Use WSU alert system more frequently

Alerts keep students aware of dangers on campus, ineffective when unused to warn of potential threats



Student safety is a top priority at WSU, alerts being sent out to students via phone calls or text messages in case of an emergency. Threat legitimacy isn’t easily determined, but even potential dangers warrant an alert or a status report of some kind.

ALIVIA HILLER, Evergreen columnist

The WSU alert system helps most students at WSU to be aware of threats, but it is not used frequently enough in cases where there’s just a potential danger.

WSU should use this system during, not after, incidents where students anywhere near campus may be in danger.

Mass shootings, especially in schools and campuses around the U.S. have become more prominent in the past few years. As major incidents happen more frequently, WSU should be able to react on even rumors of one.

In the 2010-11 school year, there were about 12 college shootings. In the 2015-16 school year, the number of college shootings reached 30. Between those years there were about 190 incidents in total, with 437 total victims, according to a study by the Citizens Crime Commission of New York City.

Some may think having a more responsive system would create unnecessary panic, as many threats don’t lead to anything. But it’s better to be safe than sorry. Steve Hansen, assistant chief of the WSU police department, knows that not all reports are correct, but ensures each is treated seriously.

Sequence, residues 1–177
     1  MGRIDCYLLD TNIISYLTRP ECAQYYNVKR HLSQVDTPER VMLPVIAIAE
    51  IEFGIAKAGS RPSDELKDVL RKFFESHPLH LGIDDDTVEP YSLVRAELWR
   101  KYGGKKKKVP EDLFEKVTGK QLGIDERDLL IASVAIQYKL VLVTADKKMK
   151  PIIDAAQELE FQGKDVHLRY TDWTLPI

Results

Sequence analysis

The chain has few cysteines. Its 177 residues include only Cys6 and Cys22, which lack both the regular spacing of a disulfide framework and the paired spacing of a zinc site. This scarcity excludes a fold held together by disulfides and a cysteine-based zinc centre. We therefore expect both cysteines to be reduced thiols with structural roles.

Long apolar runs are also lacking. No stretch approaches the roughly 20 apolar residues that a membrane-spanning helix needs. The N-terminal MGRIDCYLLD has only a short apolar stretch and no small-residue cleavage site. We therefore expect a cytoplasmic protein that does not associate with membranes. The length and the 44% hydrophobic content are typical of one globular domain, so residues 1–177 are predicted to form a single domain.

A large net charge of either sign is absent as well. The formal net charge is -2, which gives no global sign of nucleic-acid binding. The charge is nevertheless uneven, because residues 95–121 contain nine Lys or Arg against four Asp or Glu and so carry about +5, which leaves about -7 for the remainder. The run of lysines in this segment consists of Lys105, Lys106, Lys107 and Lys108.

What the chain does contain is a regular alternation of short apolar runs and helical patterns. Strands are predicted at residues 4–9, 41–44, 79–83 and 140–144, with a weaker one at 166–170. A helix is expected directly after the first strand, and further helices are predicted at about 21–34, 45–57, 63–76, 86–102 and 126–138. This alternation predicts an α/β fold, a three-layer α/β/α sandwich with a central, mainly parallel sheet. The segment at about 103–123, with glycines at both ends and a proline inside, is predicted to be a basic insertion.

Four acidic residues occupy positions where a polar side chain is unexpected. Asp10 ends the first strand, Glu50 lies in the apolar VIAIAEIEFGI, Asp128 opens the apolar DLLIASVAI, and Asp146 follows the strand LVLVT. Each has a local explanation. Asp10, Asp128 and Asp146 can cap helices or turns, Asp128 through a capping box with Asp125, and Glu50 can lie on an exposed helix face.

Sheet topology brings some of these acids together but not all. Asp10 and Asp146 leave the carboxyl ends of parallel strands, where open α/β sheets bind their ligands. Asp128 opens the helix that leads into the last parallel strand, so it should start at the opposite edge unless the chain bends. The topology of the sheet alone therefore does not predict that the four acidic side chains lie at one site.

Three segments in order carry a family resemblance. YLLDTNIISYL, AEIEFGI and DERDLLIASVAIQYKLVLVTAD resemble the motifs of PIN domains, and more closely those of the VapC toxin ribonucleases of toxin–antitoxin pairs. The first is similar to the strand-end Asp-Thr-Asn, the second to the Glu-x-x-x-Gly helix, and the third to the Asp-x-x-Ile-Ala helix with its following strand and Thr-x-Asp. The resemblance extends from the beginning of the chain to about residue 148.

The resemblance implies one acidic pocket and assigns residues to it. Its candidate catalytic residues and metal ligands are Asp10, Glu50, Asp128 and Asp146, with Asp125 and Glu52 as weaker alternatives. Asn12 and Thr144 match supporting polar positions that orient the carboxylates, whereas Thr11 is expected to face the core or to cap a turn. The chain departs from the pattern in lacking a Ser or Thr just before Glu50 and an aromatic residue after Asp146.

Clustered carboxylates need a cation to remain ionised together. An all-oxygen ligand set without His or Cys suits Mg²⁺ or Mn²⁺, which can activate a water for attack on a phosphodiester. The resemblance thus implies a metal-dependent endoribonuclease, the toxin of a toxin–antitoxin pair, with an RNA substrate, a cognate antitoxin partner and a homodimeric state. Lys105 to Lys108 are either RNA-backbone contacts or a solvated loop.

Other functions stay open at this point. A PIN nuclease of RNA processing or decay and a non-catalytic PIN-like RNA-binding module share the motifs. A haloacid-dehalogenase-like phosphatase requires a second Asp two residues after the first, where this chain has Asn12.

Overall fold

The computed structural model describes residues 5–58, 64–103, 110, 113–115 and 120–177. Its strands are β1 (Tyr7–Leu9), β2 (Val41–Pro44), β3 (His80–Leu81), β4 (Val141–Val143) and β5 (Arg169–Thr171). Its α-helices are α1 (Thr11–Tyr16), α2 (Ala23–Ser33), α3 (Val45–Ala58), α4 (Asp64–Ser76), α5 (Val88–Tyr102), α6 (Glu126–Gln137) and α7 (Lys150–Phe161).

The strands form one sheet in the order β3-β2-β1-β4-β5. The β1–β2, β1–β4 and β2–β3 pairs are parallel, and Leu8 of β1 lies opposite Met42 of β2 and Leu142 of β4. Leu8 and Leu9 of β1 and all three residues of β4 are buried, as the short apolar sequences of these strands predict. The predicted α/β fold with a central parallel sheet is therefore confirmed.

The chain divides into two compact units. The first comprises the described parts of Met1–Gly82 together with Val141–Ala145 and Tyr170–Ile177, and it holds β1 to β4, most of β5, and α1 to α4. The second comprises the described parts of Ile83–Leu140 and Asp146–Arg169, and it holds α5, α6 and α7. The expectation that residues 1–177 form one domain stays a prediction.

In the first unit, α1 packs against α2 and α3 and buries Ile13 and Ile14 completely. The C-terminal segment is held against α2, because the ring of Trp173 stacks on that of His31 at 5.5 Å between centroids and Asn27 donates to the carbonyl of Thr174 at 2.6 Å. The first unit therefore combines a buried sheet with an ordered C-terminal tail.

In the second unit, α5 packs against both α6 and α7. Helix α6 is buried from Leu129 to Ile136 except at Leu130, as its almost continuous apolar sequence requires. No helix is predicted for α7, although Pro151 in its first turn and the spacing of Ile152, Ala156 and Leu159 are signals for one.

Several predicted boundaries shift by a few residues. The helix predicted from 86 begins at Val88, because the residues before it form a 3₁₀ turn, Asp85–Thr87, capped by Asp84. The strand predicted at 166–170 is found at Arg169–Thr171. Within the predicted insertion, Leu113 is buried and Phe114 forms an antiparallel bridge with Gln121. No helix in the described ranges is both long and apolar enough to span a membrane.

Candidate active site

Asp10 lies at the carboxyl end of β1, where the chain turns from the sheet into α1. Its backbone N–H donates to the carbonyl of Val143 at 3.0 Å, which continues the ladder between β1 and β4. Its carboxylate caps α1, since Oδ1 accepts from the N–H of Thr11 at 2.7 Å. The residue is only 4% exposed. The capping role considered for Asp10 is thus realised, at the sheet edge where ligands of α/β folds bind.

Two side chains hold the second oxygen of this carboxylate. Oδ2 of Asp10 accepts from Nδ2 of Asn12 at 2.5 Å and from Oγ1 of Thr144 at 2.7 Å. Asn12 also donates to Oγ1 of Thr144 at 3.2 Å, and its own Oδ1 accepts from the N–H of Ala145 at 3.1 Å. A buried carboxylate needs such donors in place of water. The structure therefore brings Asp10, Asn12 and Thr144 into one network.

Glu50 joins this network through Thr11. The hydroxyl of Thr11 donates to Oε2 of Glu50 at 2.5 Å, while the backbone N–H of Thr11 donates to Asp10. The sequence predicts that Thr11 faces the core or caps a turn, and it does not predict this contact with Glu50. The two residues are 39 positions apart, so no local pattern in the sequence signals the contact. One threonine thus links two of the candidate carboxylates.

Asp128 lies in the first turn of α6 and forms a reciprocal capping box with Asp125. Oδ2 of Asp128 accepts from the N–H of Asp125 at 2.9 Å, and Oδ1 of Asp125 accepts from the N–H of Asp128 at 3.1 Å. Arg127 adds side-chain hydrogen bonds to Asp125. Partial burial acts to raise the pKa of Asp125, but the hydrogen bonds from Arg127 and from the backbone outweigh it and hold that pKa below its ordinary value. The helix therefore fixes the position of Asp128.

“I can’t say, for example, that for a bomb threat we will respond a certain way each time,” Hansen said. “[We] will evaluate the threat and make a determination on the credibility of the threat and go from there.”

Campus police do its best to handle each threat, but if there’s a danger of any kind on campus, students should know about it. Alerting students is a tough part of the job, as it’s hard to know which calls qualify as real threats. But even if the call is fake or has missing information, alerting students of the risk leaves them better prepared to act, should the situation worsen.

“[An alert is sent] when we determine there is a significant emergency or dangerous situation involving an immediate threat to health and safety of students or employees occurring on the campus,” Hansen said.

Our officers are good, but they can’t always be where they need to. While they do their best to keep threats under control, their jurisdiction covers only our campus.

These situations are difficult and potentially dangerous, which is why our alert system needs to be more actively used to keep students out of the area of an incident. The area that these alerts cover should also be expanded into areas like Greek row and primarily student housing to keep WSU students safe.

When potential threats are located off campus, or even on Greek row, as happened just a few weeks ago, the alert system isn’t used.

There were rumors of a shooter on Greek row, yet students were left with no information as to what was going on except for hear-say from one another. That information kept people indoors, away from the area and allowed officers to deal with the situation.

Students, on and off campus, need to know when a potential threat is in the area and need to get as much information as possible on the risk that it poses to them. People know how to protect themselves, they just need to know when to do it.